This urban infill duplex renovation in Tasmania is a prime example of how outdated construction can be adapted to contemporary housing and environmental requirements. Revamped by Australian firm Bild Architecture, the California Dreaming project is an adaptation of the ‘California Bungalow’ type of housing. The duplex was renovated to take advantage of the sun and passive cooling strategies while making use of sustainable materials and high-performance insulation.
For the California Dreaming Project, Bild Architecture renovated a duplex development that is located in an area of the city originally developed with inter-war ‘California Bungalow’ type housing. These California Bungalow houses are now considered inadequate in terms of space, light and environmental performance, so this renovation sought to address those needs. The homes were altered to provide more north-facing public space to take advantage of the sun. The signature double-gable roof form was extended and wrapped around the building, which works to maximize solar gain in the winter and shield the interior in the summer and from the sun in the afternoon on the west side.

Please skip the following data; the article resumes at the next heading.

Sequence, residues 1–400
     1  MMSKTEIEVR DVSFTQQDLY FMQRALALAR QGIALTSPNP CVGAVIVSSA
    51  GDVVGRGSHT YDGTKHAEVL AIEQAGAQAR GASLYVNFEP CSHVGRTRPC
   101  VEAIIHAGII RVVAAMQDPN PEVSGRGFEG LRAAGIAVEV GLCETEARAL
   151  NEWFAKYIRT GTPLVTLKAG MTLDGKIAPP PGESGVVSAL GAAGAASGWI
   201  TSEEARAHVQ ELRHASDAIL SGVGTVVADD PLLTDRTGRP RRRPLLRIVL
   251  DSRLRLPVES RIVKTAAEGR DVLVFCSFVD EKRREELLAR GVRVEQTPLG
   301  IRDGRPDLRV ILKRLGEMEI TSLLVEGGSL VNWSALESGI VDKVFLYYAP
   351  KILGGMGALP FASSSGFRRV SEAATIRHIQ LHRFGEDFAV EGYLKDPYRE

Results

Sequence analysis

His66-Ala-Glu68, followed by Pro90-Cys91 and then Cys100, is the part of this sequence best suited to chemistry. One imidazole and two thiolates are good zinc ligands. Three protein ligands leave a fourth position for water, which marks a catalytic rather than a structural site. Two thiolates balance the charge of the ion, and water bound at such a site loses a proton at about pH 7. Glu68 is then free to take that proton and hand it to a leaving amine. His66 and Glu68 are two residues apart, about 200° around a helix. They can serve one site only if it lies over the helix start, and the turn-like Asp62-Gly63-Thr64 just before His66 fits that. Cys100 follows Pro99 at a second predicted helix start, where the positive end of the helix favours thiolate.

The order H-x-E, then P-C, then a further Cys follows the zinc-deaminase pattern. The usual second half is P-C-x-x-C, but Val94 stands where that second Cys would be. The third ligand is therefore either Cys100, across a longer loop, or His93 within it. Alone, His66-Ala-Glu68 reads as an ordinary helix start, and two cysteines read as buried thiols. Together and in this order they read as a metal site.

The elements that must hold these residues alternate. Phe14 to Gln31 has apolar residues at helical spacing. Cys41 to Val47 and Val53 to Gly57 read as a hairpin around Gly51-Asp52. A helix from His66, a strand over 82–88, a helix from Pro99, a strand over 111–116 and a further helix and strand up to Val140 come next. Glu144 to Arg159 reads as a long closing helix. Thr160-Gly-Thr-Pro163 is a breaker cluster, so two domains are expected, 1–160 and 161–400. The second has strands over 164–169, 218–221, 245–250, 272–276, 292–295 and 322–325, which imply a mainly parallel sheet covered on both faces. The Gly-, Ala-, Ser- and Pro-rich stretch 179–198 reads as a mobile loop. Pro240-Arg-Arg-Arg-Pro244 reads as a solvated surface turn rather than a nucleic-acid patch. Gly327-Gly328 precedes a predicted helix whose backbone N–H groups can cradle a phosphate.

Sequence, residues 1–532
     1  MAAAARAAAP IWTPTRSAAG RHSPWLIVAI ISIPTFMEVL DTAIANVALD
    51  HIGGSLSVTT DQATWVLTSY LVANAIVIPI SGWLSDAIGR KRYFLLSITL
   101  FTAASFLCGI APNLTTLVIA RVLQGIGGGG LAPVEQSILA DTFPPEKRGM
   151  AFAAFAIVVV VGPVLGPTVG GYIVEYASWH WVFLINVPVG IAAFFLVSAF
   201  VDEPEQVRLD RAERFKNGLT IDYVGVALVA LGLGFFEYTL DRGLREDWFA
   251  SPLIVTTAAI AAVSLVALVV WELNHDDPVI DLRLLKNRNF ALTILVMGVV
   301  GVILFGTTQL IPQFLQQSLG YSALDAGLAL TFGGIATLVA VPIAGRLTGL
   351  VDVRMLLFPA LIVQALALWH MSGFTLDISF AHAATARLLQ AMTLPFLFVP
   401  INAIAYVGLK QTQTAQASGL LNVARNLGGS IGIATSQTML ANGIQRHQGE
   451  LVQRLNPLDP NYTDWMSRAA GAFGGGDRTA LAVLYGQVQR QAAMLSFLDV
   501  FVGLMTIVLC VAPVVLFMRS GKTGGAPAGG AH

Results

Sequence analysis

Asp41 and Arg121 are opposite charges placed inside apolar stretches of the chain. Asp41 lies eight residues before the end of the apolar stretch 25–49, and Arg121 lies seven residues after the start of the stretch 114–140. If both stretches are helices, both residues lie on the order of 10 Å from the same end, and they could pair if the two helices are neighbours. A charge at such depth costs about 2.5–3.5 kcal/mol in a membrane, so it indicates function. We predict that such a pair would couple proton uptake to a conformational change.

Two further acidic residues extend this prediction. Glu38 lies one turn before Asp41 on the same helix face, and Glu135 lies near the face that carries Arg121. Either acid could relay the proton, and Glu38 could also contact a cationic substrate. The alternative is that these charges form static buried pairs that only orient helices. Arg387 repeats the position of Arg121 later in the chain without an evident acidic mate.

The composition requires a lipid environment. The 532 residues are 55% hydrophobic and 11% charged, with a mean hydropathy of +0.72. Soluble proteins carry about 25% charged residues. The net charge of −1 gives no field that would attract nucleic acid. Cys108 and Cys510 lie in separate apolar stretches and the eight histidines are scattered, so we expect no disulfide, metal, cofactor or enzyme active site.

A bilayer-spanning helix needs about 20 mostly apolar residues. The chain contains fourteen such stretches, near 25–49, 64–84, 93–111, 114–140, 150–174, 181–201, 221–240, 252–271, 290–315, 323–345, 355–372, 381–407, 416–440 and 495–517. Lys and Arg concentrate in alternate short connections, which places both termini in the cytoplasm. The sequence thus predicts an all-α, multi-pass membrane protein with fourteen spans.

In addition to solar passive design, the firm worked to minimize environmental impact during construction as well as improve ongoing environmental performance though out the life of the building. Daylighting works in conjunction with natural ventilation, high efficiency building insulation and double glazing, to minimize energy use. Materials were chosen based on environmental life cycle thinking considerations. Finally the homes were clad with timber sourced from sustainable Australian plantation hardwood that was milled using a radial saw to minimize waste. The end result is a contemporary set of homes that update urban infill housing and respond to growing needs for light, flexible space and environmental sustainability.
Images ©Tanja Milbourne